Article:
Data is now a great way to growth for many companies.
If collecting data is now something natural, there are issues when it comes to making a relevant treatment to it.
Which workflow to adopt? What tools? How to fit that to an existing architecture? How to aggregate them?
Those questions could seem generalist, but the reality shows that each project has its own specificity and that there is no “one fits all” answer, even if appearances can make you believe the opposite.
At Poool, data analysis is a priority because it’s at the heart of our knowledge and our business.
Knowing how to detect behaviors and propose the best solution to engage and monetize a visitor on a media’s website requires a relevant and scalable workflow.
Finding adequate solutions has been a major concern as well as an important research field. The way we collect and analyze data could not be left to chance. The goal is ultimately to gain in relevance and performance.
The purpose of this article is not to say that one solution is better than another, but rather to share a feedback.
“Why not using Redash? “
Redash works well and is easy to install with Docker.
The app allows you to fetch data from several different sources and make dashboards in three clicks.
Bad side: these are MongoDB requests (in our case) and depending on the volume to be processed, performance can greatly decrease.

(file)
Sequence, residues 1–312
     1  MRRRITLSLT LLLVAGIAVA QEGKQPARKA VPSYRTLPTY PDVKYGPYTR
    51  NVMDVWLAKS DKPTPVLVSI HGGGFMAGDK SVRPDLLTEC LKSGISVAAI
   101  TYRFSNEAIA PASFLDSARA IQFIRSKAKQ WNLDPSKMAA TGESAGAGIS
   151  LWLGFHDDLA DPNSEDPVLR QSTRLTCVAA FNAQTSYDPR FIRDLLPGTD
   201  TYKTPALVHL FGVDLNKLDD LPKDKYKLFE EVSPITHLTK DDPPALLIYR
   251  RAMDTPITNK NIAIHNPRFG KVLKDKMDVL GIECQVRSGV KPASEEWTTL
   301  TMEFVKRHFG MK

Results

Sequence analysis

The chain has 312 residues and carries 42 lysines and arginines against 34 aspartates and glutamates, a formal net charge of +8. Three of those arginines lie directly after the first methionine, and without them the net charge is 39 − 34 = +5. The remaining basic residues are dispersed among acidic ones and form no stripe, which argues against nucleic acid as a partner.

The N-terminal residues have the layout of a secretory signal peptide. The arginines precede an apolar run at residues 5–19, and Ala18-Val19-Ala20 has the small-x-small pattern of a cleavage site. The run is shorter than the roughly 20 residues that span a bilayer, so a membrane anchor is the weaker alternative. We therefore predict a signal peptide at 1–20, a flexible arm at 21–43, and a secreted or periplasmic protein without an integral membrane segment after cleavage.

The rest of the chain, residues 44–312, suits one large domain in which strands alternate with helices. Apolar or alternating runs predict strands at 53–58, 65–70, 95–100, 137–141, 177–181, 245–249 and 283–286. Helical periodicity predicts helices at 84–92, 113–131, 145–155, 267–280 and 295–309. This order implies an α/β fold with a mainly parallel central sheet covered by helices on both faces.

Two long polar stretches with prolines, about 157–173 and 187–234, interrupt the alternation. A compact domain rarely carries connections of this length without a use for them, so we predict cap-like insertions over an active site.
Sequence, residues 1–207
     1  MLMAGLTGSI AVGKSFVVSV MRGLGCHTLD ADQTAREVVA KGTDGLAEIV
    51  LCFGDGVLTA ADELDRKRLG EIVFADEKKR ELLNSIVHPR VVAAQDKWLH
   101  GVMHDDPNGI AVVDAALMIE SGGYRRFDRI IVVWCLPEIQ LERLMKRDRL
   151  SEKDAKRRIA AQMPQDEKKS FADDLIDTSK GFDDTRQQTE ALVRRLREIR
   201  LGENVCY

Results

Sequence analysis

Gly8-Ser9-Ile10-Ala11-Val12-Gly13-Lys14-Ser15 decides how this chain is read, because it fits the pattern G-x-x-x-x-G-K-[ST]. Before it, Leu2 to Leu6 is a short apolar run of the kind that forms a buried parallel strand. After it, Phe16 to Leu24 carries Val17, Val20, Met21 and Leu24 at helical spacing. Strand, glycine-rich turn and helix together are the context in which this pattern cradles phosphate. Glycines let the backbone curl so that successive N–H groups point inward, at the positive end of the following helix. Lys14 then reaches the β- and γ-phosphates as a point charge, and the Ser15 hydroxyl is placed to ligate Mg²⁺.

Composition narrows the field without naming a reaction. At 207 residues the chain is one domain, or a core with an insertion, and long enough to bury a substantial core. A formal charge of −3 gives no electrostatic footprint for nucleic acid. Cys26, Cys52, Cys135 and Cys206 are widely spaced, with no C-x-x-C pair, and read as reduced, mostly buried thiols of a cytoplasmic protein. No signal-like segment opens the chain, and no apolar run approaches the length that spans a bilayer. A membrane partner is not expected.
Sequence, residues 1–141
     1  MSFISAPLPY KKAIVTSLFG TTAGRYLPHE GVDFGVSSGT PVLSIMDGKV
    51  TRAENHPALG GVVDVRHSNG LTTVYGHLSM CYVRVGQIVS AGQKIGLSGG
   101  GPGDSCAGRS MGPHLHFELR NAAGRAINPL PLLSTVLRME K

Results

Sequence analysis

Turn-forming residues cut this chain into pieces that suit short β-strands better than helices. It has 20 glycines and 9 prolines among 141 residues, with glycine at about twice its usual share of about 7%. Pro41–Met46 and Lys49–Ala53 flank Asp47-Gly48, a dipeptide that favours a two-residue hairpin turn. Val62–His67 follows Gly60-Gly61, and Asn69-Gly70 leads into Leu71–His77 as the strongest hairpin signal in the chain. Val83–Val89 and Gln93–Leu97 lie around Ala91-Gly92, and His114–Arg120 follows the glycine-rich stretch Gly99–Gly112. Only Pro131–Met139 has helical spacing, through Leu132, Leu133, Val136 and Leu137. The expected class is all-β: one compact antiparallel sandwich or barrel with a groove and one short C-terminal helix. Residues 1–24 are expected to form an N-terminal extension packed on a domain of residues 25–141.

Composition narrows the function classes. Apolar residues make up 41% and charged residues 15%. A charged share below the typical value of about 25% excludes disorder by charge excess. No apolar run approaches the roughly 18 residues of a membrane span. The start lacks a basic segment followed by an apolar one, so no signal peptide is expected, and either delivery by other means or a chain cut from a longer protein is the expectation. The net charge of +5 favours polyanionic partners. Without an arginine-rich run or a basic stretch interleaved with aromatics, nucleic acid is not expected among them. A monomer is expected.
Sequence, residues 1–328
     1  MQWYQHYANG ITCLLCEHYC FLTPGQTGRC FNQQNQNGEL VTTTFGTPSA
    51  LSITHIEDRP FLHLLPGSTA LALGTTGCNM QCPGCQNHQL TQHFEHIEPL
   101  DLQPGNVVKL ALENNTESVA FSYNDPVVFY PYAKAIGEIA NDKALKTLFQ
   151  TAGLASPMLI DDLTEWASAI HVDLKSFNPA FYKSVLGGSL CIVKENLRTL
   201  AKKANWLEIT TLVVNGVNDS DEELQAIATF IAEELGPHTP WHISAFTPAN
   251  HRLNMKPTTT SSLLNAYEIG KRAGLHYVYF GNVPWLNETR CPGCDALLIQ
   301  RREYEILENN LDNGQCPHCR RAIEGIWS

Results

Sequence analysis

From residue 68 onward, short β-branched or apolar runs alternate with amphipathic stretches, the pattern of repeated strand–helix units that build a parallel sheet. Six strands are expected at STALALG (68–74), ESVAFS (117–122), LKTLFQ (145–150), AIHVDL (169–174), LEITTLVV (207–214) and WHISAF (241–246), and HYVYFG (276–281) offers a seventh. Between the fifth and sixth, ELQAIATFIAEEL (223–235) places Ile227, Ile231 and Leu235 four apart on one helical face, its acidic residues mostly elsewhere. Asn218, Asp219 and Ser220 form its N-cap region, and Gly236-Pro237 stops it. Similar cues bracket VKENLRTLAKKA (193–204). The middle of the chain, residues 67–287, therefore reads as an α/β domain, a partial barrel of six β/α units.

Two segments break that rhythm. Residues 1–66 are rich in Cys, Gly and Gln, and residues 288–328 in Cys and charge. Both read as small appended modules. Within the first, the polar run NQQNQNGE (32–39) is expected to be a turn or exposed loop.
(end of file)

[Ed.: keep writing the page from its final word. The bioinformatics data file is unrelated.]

We were using it temporarily for basic queries because we have moved from a standard architecture to a shards architecture, and it is no longer possible to use aggregations.
“Well, well, we make requests with Python and Pymongo, right? “
Of course, for ease and simplicity, making a simple Python script with different methods and a KPI per method has — naively — seemed to be the simplest solution.
So certainly, it is actually the simplest, but not the most effective in terms of processing time. On 100k entries, we had correct performance, on 1M, it became more complicated.
At the time of crossing a table of 15M of entries and another one of 5M, it exploded (we arrived at a time of treatment of 30 minutes). From there, everything becomes exponential, even using low level libs (Monary type), the processing time only increased.
We would not have worried about a weekly or monthly report, but in our case, it’s about being reactive about current activities. So we had to find a different solution, and keep that option for back-up.
“ElasticSearch looks cool”
Solr, Elasticsearch, Hadoop … Different solutions but with a common goal: facilitate the processing of large volumes dataset.
Even if at the moment we weren’t doing some ‘Big Data’ (nor medium data, by the way), it was clear that we were going to get there.
So, here came our first approach: collect a copy of the production database and synchronize it locally with ElasticSearch through a connector.
“Mongo-connector, looks great! “
After searching for a solution, we quickly came across a well-designed Mongo-connector tool.
The purpose of this tool is to have an “all in one” bridge between a MongoDB database and ElasticSearch, Solr or another Mongo database. Then, we did our first conclusive test and first ES index were filled with production data.